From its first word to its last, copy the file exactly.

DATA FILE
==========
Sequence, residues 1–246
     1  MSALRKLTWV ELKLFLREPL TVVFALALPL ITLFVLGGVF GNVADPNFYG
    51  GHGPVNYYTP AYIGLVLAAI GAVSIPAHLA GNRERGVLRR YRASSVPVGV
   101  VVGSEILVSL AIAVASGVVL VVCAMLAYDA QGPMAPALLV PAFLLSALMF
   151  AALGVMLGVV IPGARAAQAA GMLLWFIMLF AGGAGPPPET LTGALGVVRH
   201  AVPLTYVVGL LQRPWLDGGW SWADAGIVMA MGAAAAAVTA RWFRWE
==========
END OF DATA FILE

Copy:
Sequence, residues 1–246
     1  MSALRKLTWV ELKLFLREPL TVVFALALPL ITLFVLGGVF GNVADPNFYG
    51  GHGPVNYYTP AYIGLVLAAI GAVSIPAHLA GNRERGVLRR YRASSVPVGV
   101  VVGSEILVSL AIAVASGVVL VVCAMLAYDA QGPMAPALLV PAFLLSALMF
   151  AALGVMLGVV IPGARAAQAA GMLLWFIMLF AGGAGPPPET LTGALGVVRH
   201  AVPLTYVVGL LQRPWLDGGW SWADAGIVMA MGAAAAAVTA RWFRWE